Free access
Issue
Vet. Res.
Volume 31, Number 1, January-February 2000
Page(s) 71 - 71
DOI http://dx.doi.org/10.1051/vetres:2000007
How to cite this article Vet. Res. (2000) 71-71
Vet. Res. 31 (2000) 71-71

Diagnosis of persistent or prolonged porcine reproductive and respiratory syndrome virus infections

D. Benfielda, J. Nelsona, K. Rossowb, C. Nelsona, M. Steffenc and R. Rowlandc

a  Department of Veterinary Science, South Dakota State University, Box 2175, Brookings, SD 57007, USA
b  Department of Veterinary Diagnostic Investigation, College of Veterinary Medicine, University of Minnesota, St. Paul, MN 55108, USA
c  Department of Biology-Microbiology, South Dakota State University, Box 2140D, Brookings, SD 57007, USA

Abstract - Porcine reproductive and respiratory syndrome (PRRS) emerged as the leading viral disease of swine in this decade. The virus causes abortions, increased numbers of stillborn pigs and pre-weaning mortality in the breeding herd. Respiratory disease with an increased incidence of secondary viral and bacterial infections is common in weaned pigs and most pigs are delayed to market by several weeks. While some herds experience only acute PRRS outbreaks followed by a return to normal production, many continue to have prolonged problems related to the persistence of the PRRS virus (PRRSV) in the herd. The goal of the present study was to use an in utero exposure model to produce persistently infected pigs and then use these pigs to identify tissue(s) and cell type(s) that support PRRSV replication in acute and persistent PRRSV infections. This information in combination with the antibody response of these pigs to PRRSV was used in an attempt to develop a method to identify persistently infected pigs. In this study, sows were intranasally exposed to PRRSV at 90 days gestation and allowed to carry litters to term. The PRRSV was isolated from the serum of 75% of the newborn piglets born to the infected sows. The remaining piglets became virus isolation (VI) positive and seropositive within two weeks after birth. The number of VI-positive serum samples began to decline at 14 days after farrowing, which correlated with peak levels of circulating antibody and appearance of PRRSV neutralizing activity in the serum. The last VI-positive serum sample was obtained at 48 days after farrowing. Virus replication in pigs that died within 21 days after birth is representative of acute PRRS infections. Cells supporting PRRSV replication were observed in all organs and tissues, which is consistent with the macrophage as the principal target of PRRSV replication. Pigs that survived longer than 21 days eventually recovered and showed no clinical signs of PRRS. At 63 days after farrowing, approximately two weeks beyond the last VI-positive serum sample, pigs were randomly removed, euthanazied and tissues examined of PRRSV replication using VI, RT-PCR and in situ hybridization (ISH). All lung samples obtained from pigs at 63 days and beyond were negative for infectious virus, and viral nucleic acid by VI, RT-PCR and ISH, respectively. The absence of virus in lung and serum correlated with the absence of detectable virus in other non-lymphoid organs, including salivary gland, liver, and kidneys. In contrast, PRRSV was isolated from tonsil and lymph nodes up to 132 days after farrowing. RT-PCR confirmed the presence of virus and ISH demonstrated that cells (macrophages) within these tissues supported virus replication. The biological relevance of low-level PRRSV replication in the lymphoid organs was evaluated by determining if PRRSV was transmitted to uninfected pigs. Sentinel pigs were placed in contact with persistently infected pigs at 64 (2 sentinels), 84 (2 sentinels), 98 (one sentinel), 112 (1 sentinel) and 260 (4 sentinels) days after birth. All sentinel pigs were allowed to mingle freely with the persistently infected pigs for one week. Pigs were then removed to an isolation room and serum was monitored weekly for virus and antibody. All sentinel pigs commingled with principals at 64 to 112 days post-farrowing were VI positive within one week after introduction, demonstrating the virus was shed to naïve pigs. No transmission occurred to sentinels placed in contact at 260 days after birth. The results indicate that PRRSV first establishes an acute systemic infection during which virus replication is observed in all organs and tissues. This pattern of virus replication is consistent with the tissue macrophage as the primary host cell for PRRSV. Eventually, virus disappears from the non-lymphoid organs and the blood. Even though neutralizing and non-neutralizing antibodies are present, virus replication is still detected within tonsil and lymph nodes. In the acute phase of PRRS infections, serum and most tissues are excellent samples for detection of the virus by virus isolation and/or PCR. Lymphoid tissues appear to be the best specimens for detection of the virus in prolonged or persistently infected pigs. Tonsils may be the tissue of choice, because virus can be either isolated or detected by PCR longer than in serum. Serum is not a valuable predictor of prolonged infections by PRRSV. However, combinations of declining antibody titers on ELISA with negative serum PCR may indicate elimination of the PRRSV by the host.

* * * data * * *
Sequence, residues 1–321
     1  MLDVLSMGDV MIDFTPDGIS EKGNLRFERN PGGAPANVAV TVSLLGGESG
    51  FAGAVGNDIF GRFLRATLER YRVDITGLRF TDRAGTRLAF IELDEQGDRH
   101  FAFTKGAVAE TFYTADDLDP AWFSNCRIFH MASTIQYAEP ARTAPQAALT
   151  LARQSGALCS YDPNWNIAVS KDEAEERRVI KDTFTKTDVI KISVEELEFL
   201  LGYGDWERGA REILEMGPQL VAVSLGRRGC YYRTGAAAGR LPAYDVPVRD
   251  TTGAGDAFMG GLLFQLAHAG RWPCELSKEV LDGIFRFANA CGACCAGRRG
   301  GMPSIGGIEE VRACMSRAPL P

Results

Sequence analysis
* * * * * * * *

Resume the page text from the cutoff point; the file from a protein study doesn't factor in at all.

Corresponding author: D. Benfield Tel.: (1) 605 688 4317; fax: (1) 605 688 6003;
    e-mail: benfield@mg.sdstate.edu

© INRA, EDP Sciences 2000